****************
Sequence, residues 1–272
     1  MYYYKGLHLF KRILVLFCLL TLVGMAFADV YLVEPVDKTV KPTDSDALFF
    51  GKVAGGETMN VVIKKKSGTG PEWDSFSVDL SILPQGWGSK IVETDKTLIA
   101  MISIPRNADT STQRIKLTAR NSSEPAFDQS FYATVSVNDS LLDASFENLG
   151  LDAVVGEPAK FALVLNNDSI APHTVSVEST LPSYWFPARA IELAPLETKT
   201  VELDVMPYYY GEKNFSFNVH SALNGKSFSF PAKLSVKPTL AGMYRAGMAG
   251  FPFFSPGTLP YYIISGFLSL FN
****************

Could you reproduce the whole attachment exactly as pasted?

Sequence, residues 1–272
     1  MYYYKGLHLF KRILVLFCLL TLVGMAFADV YLVEPVDKTV KPTDSDALFF
    51  GKVAGGETMN VVIKKKSGTG PEWDSFSVDL SILPQGWGSK IVETDKTLIA
   101  MISIPRNADT STQRIKLTAR NSSEPAFDQS FYATVSVNDS LLDASFENLG
   151  LDAVVGEPAK FALVLNNDSI APHTVSVEST LPSYWFPARA IELAPLETKT
   201  VELDVMPYYY GEKNFSFNVH SALNGKSFSF PAKLSVKPTL AGMYRAGMAG
   251  FPFFSPGTLP YYIISGFLSL FN